16 Reasonable Correction: If you did not provide an employee the opportunity to elect and make elective deferrals, you must make a 100% vested contribution to the plan on behalf of the employee that compensates for the missed deferral opportunity. The missed deferral opportunity is equal to 50% of the employee s missed deferral. The missed deferral is determined by multiplying the average deferral percentage for the employee s group in the plan (either highly compensated or nonhighly compensated) for the year of exclusion by the employee s compensation for that year. The contribution required to compensate the employee for the missed deferral opportunity for the year of exclusion is adjusted for earnings until the corrective contribution is made on behalf of the affected employee. For the example above, Company X would have to make a contribution in the amount of $200 adjusted for earnings to Jan s account. This is calculated by taking Jan s compensation ($10,000) times the average of the deferral percentages of the NHCEs (3% + 5% / 2 = 4%) times 50%. Section 2.02(2) of Appendix B to Revenue Procedure provides two different methods for correcting the exclusion of eligible employees. Only the contribution method, and not the reallocation method, is proper for SARSEPs. The contribution method requires you to make a corrective contribution to the plan. The corrective contribution is determined taking into account the excluded employees compensation. You must adjust this amount for earnings. No adjustments are made to the employees who shared in the prior allocation, even though their allocations would have been different had the excluded employee not been excluded. For the above example, the employer would contribute an amount that equals 10% of the excluded employee s compensation for the 2008 year (adjusted for earnings), and does not adjust the 10% allocations that were made to the other employees. Correction Program(s) Available: SCP: The example illustrates an operational problem, in that the employer failed to follow the terms of the plan by excluding eligible employees from participating in the plan. Therefore, if the other eligibility requirements of SCP are satisfied, the employer may use SCP to correct the mistake. No fees for self-correction. Practices and procedures must be in place. : Under, correction is the same as described above under Reasonable Correction. Company X makes a submission in accordance with Rev. Proc The fee for the submission is $250. : Under, correction is the same as described above under Reasonable Correction. Company X and the IRS enter into a Closing Agreement outlining the corrective action and negotiate a sanction based on the Maximum Payment Amount (MPA). How to Avoid the Mistake: You should monitor census information and the participation status of all employees at least once a year. The person assigned the task should have a good understanding of the eligibility requirements and have access to the employment records necessary to make eligibility decisions for all employees /16/2009

17 Trends Tips Potential Mistake 4) Are you determining each eligible employee s compensation using the definition in your SARSEP document? How to Find the Mistake To determine if you are using the proper compensation for allocations, you ll need to review the plan document. How to Fix the Mistake Corrective Action Correction is based upon the terms of the plan and other applicable information at the time of the mistake. Correction Program(s) Available How to Avoid the Mistake When calculating allocations, it is important to carefully review the plan terms to ensure that the correct amount of compensation is being considered. 4) Are you determining each eligible employee s compensation using the definition in your SARSEP document? A plan s definition of compensation must satisfy applicable rules for determining the amount of contributions. The amount of compensation taken into account under the plan cannot exceed $245,000 in 2010 and is subject to cost-of-living adjustments for later years. You must follow the definition of compensation stated in the plan document in the operation of your plan. Compensation generally includes the pay an employee received from you for personal services for a year including: Wages and salaries. Fees for professional services. Other amounts received (cash or non-cash) for personal services actually rendered by an employee, including, but not limited to, the following items: - Commissions and tips. - Fringe benefits. - Bonuses. Compensation generally does not include any employer SARSEP contributions, including elective deferrals. Compensation, for purposes of the $550 rule, is the same, except it includes deferrals made to the SARSEP and any amount not includible in gross income under 125 (cafeteria plans) or 132(f)(4) (certain qualified fringe benefits). How to Find the Mistake: To determine if you are using the proper compensation for allocations, you ll need to review the plan document. You may not be aware your plan contains different definitions of compensation when calculating the DP test. In some cases, you or the plan administrator may use the incorrect definition of compensation when determining the compensation eligible for the employee to defer or the plan administrator may fail to limit compensation to $245,000 as required by the Code. Review the plan section that deals with allocations and deferrals. This section will have language that says, for example, Employees may defer up to 15% of their Compensation. You then have to go to the plan section containing definitions and find the Compensation definition /16/2009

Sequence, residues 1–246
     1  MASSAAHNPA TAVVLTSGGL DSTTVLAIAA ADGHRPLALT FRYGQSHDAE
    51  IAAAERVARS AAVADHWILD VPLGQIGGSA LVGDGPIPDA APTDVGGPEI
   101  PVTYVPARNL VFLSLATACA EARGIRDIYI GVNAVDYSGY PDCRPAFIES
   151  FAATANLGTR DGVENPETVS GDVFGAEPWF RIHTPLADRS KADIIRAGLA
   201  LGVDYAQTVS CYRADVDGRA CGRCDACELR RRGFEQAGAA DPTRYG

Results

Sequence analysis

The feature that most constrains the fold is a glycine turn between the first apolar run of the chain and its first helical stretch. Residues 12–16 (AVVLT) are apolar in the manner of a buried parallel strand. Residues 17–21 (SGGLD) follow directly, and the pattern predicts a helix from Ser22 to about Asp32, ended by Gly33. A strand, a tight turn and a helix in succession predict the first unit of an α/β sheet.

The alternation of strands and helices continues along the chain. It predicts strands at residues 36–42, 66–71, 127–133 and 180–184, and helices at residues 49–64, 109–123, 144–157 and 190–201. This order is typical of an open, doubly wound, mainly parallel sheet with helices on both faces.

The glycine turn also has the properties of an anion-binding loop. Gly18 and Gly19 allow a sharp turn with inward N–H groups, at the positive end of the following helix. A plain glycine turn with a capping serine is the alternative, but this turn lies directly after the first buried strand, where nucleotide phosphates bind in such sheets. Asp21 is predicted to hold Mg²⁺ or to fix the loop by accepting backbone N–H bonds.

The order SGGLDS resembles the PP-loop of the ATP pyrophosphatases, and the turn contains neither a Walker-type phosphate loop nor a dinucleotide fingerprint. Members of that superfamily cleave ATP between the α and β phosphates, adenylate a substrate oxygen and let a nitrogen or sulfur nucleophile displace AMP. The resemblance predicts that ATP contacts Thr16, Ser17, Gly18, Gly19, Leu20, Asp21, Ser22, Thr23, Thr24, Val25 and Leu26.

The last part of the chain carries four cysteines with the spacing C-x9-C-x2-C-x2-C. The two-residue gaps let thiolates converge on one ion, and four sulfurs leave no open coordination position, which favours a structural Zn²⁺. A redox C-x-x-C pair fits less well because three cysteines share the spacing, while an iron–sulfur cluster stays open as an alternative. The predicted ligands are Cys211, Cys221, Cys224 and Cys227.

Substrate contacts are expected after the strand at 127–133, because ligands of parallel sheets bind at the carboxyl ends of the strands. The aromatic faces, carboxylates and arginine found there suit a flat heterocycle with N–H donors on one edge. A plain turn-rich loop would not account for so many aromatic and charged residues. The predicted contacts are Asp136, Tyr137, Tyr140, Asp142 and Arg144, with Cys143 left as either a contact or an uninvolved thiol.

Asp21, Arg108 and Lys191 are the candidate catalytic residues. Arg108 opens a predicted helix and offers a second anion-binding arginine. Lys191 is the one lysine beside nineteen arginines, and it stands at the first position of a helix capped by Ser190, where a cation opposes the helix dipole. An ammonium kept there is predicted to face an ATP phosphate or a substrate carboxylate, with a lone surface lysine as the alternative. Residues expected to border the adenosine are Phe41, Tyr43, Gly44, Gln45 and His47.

18 Spot-check allocations to see if you are using the correct compensation. Some of these definitions can get very complicated with expense reimbursements, car allowances, bonuses, commissions and overtime pay that is included or not included in the definition of compensation. If you have a plan with a complicated definition of compensation, develop a worksheet to calculate the correct amounts. If you are using the Form 5305A-SEP, make sure you base allocations on total compensation. How to Fix the Mistake: Corrective Action: If you have improperly determined elective deferrals by including compensation not allowed for by the plan, you have excess amounts that you should correct as shown in Potential Mistake #2, above. If you have improperly determined elective deferrals and employer contributions by excluding required compensation, you would make a contribution equal to (a) 50% of the employee s salary deferral percentage under the plan times the excluded compensation (Note: unlike the mistake in #3, above, in this case, the participant s salary deferral election is known) and (b) the employer s original contribution rate under the plan times the excluded compensation. You must adjust the amounts contributed for earnings to the date of correction. Example: Susan elected to make an elective deferral equal to 5% of compensation to the SARSEP plan. The terms of the plan require that the employer contributes 2% of compensation on behalf of each employee. Furthermore, the plan s definition of compensation does not exclude deferrals. However, when determining the elective deferral contribution and the required employer contribution, Susan s employer did not include $1,000 of overtime income. Thus, Susan was not able to make elective deferral contributions (based on her election of 5% of compensation) on overtime income, and her employer ignored overtime income for the purpose of determining the employer contribution that Susan was entitled to under the terms of the SARSEP plan. Reasonable Correction: The required corrective employer contribution must replace Susan s missed opportunity to make elective deferral contributions with respect to the overtime income and any employer contributions that Susan would be entitled to under the terms of the plan. 1) Missed deferral opportunity. Susan s missed deferral, based on her election is 5% times $1,000 or $50. The required corrective employer contribution to replace Susan s missed deferral opportunity, before adjusting for earnings, is 50% of $50 or $25. 2) Employer contributions. Under the terms of the plan, Susan was also entitled to receive an employer contribution equal to 2% of compensation, and the overtime income of $1,000 should have been included in the determination of compensation. Thus, to replace the missed employer contribution with respect to overtime income, the required corrective employer contribution is 2% times $1,000 or $20. The corrective contribution must also be adjusted for earnings. The total corrective employer contribution on behalf of Susan is equal to the corrective contributions required under 1) above to replace Susan s missed deferral opportunity with respect to overtime compensation ($25 adjusted for earnings) and 2) above to replace the employer contributions that Susan would have been entitled to under the terms of the plan ($20 adjusted for earnings) /16/2009